Monday, June 16, 2008

Saporta on Perdue and commuter rail

Maria Saporta, who has been a leading voice for years on smart growth issues, reacts to Perdue's announcement supporting commuter rail:
At long last, we finally are making tracks towards the future.
She also has some great insight into why Perdue finally changed his mind on the issue, including a talk with Congressman David Scott (D-Atlanta):
“I told the governor, ‘Only you can move it forward at this point. If we don’t move it forward, it puts us in a difficult position,’ ” Scott said.

He said Georgia had “almost become a laughing stock” in Congress.

Given the traffic problems in metro Atlanta, the inaction by the state bewildered Scott’s colleagues in Congress who would have done anything to get that amount of federal funding for commuter rail.
Apparently this line of argument worked. Read the whole article, its is the sort of insight and access that only Saporta can provide, because she has known all these folks forever. It also highlights the vast difference between reporting and blogging (okay, some big deal bloggers have their own sources and break news, but most of us are very reactionary and will never have the kind of access Saporta does).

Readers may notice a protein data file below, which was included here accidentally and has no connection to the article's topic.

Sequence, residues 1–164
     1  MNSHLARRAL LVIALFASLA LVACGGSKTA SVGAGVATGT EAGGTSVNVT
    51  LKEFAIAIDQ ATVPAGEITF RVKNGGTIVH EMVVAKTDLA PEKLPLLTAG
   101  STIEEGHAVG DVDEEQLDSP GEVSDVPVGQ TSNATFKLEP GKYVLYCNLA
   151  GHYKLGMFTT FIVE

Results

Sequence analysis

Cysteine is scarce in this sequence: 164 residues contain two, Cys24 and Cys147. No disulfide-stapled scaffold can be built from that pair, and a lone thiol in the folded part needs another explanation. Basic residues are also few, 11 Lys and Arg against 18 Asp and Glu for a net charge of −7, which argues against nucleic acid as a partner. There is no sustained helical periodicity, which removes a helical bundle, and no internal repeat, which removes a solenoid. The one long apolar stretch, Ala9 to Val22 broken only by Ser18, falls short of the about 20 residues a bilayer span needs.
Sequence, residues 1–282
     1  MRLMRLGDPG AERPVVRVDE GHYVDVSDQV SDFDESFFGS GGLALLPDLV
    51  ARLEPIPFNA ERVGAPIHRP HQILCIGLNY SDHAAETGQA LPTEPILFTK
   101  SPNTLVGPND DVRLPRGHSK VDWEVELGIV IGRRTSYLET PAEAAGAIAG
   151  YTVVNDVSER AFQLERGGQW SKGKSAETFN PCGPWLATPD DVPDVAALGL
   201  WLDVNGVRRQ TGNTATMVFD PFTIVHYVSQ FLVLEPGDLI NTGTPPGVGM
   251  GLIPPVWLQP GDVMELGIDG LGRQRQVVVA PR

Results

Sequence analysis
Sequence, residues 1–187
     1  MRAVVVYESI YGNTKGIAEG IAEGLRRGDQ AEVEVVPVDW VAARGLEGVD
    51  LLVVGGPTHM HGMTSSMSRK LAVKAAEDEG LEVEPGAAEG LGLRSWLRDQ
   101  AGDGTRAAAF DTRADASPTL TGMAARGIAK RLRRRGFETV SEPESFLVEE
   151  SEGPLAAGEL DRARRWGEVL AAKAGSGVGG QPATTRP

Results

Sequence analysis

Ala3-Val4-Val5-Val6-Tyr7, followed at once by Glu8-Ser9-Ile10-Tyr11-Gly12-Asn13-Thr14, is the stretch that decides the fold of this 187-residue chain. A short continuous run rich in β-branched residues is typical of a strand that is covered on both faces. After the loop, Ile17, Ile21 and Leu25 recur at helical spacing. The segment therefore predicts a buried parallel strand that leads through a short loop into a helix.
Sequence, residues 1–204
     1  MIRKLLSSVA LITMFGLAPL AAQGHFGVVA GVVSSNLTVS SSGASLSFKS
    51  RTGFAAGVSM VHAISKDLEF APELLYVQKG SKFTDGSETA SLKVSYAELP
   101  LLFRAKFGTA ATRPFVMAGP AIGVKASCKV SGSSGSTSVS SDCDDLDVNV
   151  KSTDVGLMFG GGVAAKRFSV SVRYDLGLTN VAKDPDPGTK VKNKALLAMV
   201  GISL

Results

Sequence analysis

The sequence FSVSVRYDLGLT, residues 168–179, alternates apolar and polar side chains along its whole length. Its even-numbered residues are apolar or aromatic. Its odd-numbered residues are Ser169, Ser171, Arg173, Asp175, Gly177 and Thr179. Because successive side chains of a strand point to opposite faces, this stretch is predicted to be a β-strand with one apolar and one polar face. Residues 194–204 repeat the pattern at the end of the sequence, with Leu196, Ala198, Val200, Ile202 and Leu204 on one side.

This story also reminds me of a discussion I had with a friend over the weekend. She expressed a considerable level of despair about politics and her ability to make a difference. She'd written to politicians before on numerous issues, and never felt like it even made a dent. "What's the point?" she asked.

It is true that one voice gets lost in all the clatter of politics. It is easy to get disillusioned. And it is true that Perdue's decision (as Saporta lays out) has much more to do with other political factors and alliances. But without consistent public outcry on the need for commuter rail in particular, Perdue likely would not have came down in support of rail. Almost all political victories have at their heart an organized grassroots movement with votes attached.

I should also mention that savvy politicians know if the person that sends a letter votes, and it does make a difference. It is not hard to construct a database with voter history information that is publicly available. So when a legislator gets a letter from someone who is not registered to vote, it doesn't have nearly same effect as when he gets a letter from someone who has voted in every primary for the last six years. Not only does that person vote, but he is the kind of voter that neighbors ask, "What do you think about these choices?" He is influential, and his voice gets a little more attention in the political maelstrom.

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